Viral diseases are not new: pandemics have ravaged humanity throughout history. Following World War I, a major pandemic dubbed the Spanish flu swept the world and millions lost their lives. In our case, the societal indifference is compounded by lack of supplies, inadequate facilities and poor medical care.
Even countries like the US and UK have not been immune to the ravages of the virus. Many Pakistanis who work abroad regularly visit relatives at home and tend to congregate in a carnival-like fashion with friends and relatives, ignoring the prescribed precautions. Even educated people tend to disregard these and go overboard in their excitement.
Agreed, human beings are social animals and cannot remain isolated from each other for long. They also have to work and interact with other human beings for a living. Vaccination is not foolproof and 100 percent secure, yet it is still a desirable and reasonably preventive measure under the circumstances.
Illiteracy, denial, defiance and lack of facilities are all cumulatively responsible for the hesitancy in getting the anti-Covid inoculations. The example of some Asian countries where governments have taken strict and enforceable measures are success stories worth emulating. We cannot wait for ‘herd immunity’ to come to our rescue. It may take a long time. Nor can we continue blaming other countries on vaccine distribution and discrimination.
The best, safest and most practicable way is to take precautions, create awareness and implement prevention rules. It is however of some relief that the government is taking all possible measures. Science and knowledge have to be shared where beneficial to humanity. Covid-19 is not permanent and can be controlled by government directions, strict implementation, public cooperation and compliance. Some nations in East Asia, i.e. China, South Korea, Malaysia and Taiwan have been able to control the menace.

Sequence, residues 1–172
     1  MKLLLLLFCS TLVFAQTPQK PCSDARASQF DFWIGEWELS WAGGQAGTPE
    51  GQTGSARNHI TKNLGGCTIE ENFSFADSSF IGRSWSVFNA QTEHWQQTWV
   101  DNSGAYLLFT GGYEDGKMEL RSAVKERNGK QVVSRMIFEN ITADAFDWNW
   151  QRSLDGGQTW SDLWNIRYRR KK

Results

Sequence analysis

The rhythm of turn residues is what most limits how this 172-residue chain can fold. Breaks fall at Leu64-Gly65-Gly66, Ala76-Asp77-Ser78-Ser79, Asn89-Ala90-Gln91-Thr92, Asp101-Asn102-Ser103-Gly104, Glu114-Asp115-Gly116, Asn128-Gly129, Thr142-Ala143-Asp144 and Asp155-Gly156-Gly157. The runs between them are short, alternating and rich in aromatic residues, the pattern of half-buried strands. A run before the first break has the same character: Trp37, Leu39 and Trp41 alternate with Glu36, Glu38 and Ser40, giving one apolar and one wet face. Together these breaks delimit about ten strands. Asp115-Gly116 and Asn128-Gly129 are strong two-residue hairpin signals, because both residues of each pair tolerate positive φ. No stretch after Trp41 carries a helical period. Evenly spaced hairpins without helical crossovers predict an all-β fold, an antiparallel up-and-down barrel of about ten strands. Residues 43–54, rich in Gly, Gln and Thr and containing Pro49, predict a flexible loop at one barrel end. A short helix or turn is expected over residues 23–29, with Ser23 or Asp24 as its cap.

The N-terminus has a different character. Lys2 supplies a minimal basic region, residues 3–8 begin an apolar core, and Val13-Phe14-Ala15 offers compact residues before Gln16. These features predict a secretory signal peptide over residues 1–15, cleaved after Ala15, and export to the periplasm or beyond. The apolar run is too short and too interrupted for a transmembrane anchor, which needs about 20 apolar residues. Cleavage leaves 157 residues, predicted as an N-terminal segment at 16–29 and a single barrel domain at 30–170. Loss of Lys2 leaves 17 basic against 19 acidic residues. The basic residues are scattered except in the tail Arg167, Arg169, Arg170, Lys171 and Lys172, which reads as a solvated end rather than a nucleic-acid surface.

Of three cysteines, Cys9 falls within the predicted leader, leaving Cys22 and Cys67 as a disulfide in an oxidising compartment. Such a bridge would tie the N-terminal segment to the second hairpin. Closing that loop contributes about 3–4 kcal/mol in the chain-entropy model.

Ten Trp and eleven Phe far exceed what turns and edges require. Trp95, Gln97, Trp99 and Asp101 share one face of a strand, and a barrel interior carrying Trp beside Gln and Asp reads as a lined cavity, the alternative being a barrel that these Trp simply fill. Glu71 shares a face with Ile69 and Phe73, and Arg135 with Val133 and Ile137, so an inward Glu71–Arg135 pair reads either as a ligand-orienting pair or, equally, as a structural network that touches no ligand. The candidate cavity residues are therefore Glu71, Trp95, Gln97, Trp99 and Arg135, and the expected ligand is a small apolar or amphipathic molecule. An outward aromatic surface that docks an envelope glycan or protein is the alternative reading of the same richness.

Misinformation and excessive complacency are deadlier than the virus itself. Of course, the above countries had prior experience with H1N1 flu and SARS. National politicisation, internal strife and the slow rate of vaccination are challenging tasks. ‘Herd immunity’ may occur when 70-80 percent of the population is immunised but this will take time. The recent start of vaccination of youth nearing 30 years of age is an encouraging sign and the results from vaccination centres are showing declining positivity rates. Vaccines are being procured from multiple sources and schools have partially opened up.
In the meantime, extra precautions remain essential: safe distancing, proper mask wearing, avoiding large crowds and frequent washing of hands as basic measures. Inoculation, respirators and oxygen procurement should continue. We also need to learn from India’s poor management: over-complacency, avoiding herding together of large numbers of people and keeping up a steady supply of medicines, respirators and oxygen supplies.
The epidemic may or may not end soon and could mutate, so we have to be doubly vigilant for any subsequent wave. Misinformation is deadlier than the virus. It is better to remain cautiously hopeful without any sense of despair or panic.
The writer has been Visiting Faculty, Department of Defence and Strategic Studies, Quaid-i-Azam University, Islamabad, Chairman Department of IR, NUML, former Adviser COMSATS and Acting President, Islamabad Policy Research Institute